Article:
Created: 7/13/1962

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Current Intelligence Weekly Summary




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the brrakoff of hi* third round of talks withTshombe. Congolese Premier Adoula haa Indicated hia bewilderment over what to do next. He told the USlast weok that TabomM'a ideaettlement wasdifferent from his own and that be was "not going to have any raoro to do with It."

Adoula's frustrations arise out of the fact thst ha has neither forces nor finances to use against Tshombe, while the Katangan leader stillman. European-led gendarmerie and the tuxfrem the Belgian mining operations. Tho Congolese Army (AMC) is over twice as largo as Tshombe'e, but itto be undisciplined, without experienced leadership or aonno of strategy, and uttorly primitive in its logistics, he efforts to retrsin it have never gotten under way.

A'loula thus has been forced to depend on tho multinational UN Command, whose actions are determined not ln Leopoldvllle but ln New York snd which ls subjectedariety ofpressuros. UN forces ln two battles with the Ka-tangnns were bontod in tho first ound by superior militaryin the second, they were denied full victory by an international outcry against the fighting and Tshombe's that he was willing to negotiate. ge thenhas been assiduouslyinternational opinion favorable to Katanga, and UN military action against him has become an increasinglystop for the UN to take.

The predictably fatal effect on Adoula's leadership of continued failure inand the deepeningcrisis both in the Congo and ln the UN lead eventhat tni> npxrsnnn should be to convene tbe joint commissions agreed to by Adoula and Tshombe, aftor which the two leaders should meet again. If nothing comes of this, Bunche has said, the secretary general would present the problem to the UN's CongoCommittee and tell it the time has come for economicoves by the US to collect Tshombe's mining revenues and to control hia ox-ports, together with Belgium's froealng UXHK assets ln bant, however, Is concerned with the effectsfighting would have on tbe UN finances. He feels that hoew mandate from the Security Council for such moves, although he is awsre of the difficulties ofougher Security Councilln the face of probable British acd French opposition.

Tshombe. meanwhile, taln-talns an appearance of he has0 In nld for the rest of the Congo and quickly appointed the

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cimRetrr intelligence weekly summary

Xngan nembera Of the Jolul commissions. At thu sane tine, however, he le probablynoves to undortilne Adoula. He has publicly joined tbe attack on Foreign Hlnlater Booboko and has charged that Adoula no longer baa thoof the Leopoldville Aatl-Adoula groups from Leopoldville have been reported conferring withleaders ln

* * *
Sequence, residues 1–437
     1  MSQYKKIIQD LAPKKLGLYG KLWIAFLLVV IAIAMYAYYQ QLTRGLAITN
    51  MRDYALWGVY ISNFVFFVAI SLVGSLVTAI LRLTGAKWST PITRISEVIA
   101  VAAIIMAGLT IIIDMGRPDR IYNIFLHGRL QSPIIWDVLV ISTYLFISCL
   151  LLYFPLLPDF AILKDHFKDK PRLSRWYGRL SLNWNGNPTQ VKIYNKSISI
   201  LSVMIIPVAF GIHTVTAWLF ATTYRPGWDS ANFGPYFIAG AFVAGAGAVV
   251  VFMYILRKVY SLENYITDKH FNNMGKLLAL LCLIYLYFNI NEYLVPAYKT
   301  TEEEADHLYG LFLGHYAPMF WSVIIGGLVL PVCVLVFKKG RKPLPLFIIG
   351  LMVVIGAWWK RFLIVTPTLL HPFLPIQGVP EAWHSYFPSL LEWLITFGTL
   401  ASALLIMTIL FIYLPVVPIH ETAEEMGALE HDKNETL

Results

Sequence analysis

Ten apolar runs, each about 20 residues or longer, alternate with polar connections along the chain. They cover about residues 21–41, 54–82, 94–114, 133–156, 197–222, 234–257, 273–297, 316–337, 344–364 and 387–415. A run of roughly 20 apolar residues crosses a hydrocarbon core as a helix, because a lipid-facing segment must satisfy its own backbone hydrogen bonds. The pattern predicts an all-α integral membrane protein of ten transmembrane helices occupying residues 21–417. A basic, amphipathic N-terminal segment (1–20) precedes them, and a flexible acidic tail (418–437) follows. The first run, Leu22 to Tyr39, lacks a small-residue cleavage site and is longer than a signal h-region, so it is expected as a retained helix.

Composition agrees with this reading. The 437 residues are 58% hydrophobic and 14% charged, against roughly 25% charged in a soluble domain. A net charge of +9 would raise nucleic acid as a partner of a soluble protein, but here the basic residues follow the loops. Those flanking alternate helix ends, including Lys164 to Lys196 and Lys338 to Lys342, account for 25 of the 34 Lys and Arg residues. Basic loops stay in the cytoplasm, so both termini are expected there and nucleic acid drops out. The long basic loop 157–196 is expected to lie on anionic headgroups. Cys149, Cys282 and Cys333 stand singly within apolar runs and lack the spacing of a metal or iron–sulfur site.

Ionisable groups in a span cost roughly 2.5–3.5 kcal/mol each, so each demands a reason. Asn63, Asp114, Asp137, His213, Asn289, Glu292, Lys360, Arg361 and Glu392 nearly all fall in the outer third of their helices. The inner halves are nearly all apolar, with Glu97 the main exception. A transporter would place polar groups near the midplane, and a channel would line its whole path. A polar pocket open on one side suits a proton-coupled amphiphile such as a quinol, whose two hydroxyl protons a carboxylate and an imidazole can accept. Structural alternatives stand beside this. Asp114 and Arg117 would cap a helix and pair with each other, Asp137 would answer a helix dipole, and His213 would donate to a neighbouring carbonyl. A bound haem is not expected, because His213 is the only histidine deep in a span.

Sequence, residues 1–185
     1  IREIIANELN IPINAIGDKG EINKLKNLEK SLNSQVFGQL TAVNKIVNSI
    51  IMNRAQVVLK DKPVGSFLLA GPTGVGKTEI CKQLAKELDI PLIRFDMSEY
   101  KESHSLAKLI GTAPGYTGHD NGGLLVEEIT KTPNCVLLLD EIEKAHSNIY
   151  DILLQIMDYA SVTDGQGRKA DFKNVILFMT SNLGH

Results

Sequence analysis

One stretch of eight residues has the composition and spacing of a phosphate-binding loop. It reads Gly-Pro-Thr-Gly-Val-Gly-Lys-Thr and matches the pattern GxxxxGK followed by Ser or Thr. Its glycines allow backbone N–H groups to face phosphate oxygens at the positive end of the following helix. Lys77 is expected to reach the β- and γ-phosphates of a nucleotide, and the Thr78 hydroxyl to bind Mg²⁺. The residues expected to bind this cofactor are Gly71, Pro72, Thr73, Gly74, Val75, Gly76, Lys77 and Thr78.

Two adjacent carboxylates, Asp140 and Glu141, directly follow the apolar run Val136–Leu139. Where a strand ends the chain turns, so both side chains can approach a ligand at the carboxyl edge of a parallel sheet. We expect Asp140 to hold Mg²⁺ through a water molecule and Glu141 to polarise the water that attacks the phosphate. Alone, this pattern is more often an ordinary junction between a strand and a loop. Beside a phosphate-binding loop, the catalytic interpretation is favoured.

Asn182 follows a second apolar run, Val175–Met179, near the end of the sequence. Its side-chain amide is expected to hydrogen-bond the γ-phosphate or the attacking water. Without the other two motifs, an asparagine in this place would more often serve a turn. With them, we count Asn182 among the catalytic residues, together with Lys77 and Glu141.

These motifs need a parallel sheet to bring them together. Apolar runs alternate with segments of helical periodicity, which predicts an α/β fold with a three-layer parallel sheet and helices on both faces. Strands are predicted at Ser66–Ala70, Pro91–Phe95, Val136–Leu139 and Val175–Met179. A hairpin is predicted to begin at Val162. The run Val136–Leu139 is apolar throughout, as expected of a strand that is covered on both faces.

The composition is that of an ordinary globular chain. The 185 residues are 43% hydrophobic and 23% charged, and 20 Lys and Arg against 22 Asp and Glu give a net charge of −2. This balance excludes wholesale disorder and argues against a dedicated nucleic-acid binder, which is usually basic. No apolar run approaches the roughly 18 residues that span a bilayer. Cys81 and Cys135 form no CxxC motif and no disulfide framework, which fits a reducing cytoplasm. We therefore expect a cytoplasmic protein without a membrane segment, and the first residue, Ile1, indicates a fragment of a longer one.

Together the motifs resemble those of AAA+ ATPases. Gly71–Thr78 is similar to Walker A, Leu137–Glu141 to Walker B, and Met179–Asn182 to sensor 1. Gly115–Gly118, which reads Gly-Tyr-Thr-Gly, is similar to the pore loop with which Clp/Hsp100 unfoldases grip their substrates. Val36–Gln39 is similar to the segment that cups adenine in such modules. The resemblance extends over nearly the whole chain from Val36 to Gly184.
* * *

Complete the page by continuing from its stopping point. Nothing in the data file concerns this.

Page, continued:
In Leopoldville. Adoula has tried to ward off theattacks on hisby making another cabinet reorganization. The mainhas comeoalition of extreme leftists led by Lumumblst Vice Premier Chrls-tophe Gbenyo and "rightist" dissidents Includingonakat deputies. ThoLeopoldville Province party Abako, led by Congolese President Knsavulm, has also been antagonisedill which aouldadoral district of Leopoldville city. Abako. normally pro-Adoula. now has Joined tho attack.

Preliminary rnportn on Adoula's reorganized cabinet state that Bomboko. aobject of oppositionhas been retained as foreign slalater. Intorlor Ministerormer Glzcnglst who haatalwart of the Adoula regime, has also been kept On. Gbenye has been dropped, although six lesser lights of the moderate wing Of bis party were given poets. The anll-Tsbombe Baluba tribal leader from northern Katanga. Jason Sendwo, lsas the only vice premier.

Glzenga had been one of the throe vice premiers, as had Equateur Province leader Joan Bollkango. Adoula, during his talks with Tshombe, offered to

ice presidency for blm and two other ministries for other Katangan leaders, but the offer was rejected. Gbenye, Bollkango, and their followers now arc likely to move even closer to the Glzengists, and to the Conakat party.

Adoula has stayed in Office In part because there have been no other leaders able andto take on the Job. Bis opponents are clearly becoming bolder, however; they findln popularover the high living of government officials ln the face of unemployment and hunger anong the masses. The Congo's foreign exchange reserves are again near exhaustion, and there ls talk of another devaluation. The Congolese franc now is quoted ln Brusselso the dollar; par*

Adoula continues to have trouble ln the provinces which nominally recognize his Orlentale, Kasai, and Kivu have been particularly troublo-some, as pro- and antl-Adoula forces struggle for provincial power. In Orlentale, Adoula has sought ever slnco theof the Oizenga regime there toovernment more responsive to leopoldville.

ard unity.

Even if the Katanganwere miraculously solved, new difficulties thus would be likely to spring up. One of the dangers likely to face any central government is thedemand for the creation of still moreas many These deaands, reflecting tribal differences, are being taken upost of local political leaders who see themselves as futurepresidents. Thotrend at present thus ls toward ereater fragmentation


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